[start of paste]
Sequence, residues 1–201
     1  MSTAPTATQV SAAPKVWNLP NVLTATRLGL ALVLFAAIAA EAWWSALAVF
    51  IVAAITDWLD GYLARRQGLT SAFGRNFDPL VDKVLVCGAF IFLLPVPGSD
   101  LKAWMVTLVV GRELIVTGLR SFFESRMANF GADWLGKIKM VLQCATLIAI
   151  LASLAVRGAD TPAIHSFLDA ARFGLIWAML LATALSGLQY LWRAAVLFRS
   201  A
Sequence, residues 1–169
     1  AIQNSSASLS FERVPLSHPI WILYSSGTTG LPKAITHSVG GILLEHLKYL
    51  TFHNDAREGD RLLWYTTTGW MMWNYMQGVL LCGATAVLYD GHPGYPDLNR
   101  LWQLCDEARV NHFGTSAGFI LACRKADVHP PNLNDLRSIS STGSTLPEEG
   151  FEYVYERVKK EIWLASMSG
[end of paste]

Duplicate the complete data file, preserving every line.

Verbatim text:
Sequence, residues 1–201
     1  MSTAPTATQV SAAPKVWNLP NVLTATRLGL ALVLFAAIAA EAWWSALAVF
    51  IVAAITDWLD GYLARRQGLT SAFGRNFDPL VDKVLVCGAF IFLLPVPGSD
   101  LKAWMVTLVV GRELIVTGLR SFFESRMANF GADWLGKIKM VLQCATLIAI
   151  LASLAVRGAD TPAIHSFLDA ARFGLIWAML LATALSGLQY LWRAAVLFRS
   201  A
Sequence, residues 1–169
     1  AIQNSSASLS FERVPLSHPI WILYSSGTTG LPKAITHSVG GILLEHLKYL
    51  TFHNDAREGD RLLWYTTTGW MMWNYMQGVL LCGATAVLYD GHPGYPDLNR
   101  LWQLCDEARV NHFGTSAGFI LACRKADVHP PNLNDLRSIS STGSTLPEEG
   151  FEYVYERVKK EIWLASMSG